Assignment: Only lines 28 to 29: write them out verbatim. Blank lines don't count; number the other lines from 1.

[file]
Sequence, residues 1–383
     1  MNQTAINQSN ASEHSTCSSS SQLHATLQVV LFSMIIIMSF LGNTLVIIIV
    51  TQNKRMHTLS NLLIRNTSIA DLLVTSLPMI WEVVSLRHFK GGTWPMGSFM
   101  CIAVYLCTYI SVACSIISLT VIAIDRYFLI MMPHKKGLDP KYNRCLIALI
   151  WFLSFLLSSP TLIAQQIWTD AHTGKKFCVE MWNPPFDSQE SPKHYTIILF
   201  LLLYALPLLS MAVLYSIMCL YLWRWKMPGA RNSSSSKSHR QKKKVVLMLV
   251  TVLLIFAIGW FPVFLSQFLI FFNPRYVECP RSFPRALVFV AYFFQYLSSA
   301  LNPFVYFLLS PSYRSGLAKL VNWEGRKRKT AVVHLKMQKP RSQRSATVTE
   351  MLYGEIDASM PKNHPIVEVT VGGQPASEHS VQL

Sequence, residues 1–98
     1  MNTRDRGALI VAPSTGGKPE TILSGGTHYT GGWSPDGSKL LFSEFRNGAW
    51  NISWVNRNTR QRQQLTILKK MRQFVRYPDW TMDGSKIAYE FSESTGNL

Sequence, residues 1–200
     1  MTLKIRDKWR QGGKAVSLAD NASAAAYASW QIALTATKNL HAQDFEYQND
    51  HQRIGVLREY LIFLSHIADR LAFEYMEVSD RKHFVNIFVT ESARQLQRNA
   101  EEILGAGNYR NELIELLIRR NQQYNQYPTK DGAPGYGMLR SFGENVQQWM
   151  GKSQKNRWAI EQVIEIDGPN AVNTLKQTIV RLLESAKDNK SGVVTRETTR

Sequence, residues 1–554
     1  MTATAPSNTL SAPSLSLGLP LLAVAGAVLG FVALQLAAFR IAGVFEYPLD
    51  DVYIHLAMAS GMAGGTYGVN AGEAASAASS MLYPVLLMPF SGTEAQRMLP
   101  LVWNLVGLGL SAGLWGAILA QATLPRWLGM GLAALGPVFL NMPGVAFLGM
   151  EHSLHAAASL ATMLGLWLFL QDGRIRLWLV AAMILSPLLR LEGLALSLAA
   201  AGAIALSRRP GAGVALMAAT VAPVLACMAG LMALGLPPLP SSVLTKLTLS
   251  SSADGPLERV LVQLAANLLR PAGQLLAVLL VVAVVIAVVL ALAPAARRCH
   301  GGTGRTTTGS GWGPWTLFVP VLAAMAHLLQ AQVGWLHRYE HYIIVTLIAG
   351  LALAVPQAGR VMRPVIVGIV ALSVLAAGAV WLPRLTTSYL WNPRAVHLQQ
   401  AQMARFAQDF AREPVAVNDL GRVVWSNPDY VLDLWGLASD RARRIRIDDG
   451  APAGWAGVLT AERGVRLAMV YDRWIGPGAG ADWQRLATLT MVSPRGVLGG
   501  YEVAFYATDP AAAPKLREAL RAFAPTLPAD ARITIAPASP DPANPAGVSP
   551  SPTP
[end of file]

   451  APAGWAGVLT AERGVRLAMV YDRWIGPGAG ADWQRLATLT MVSPRGVLGG
   501  YEVAFYATDP AAAPKLREAL RAFAPTLPAD ARITIAPASP DPANPAGVSP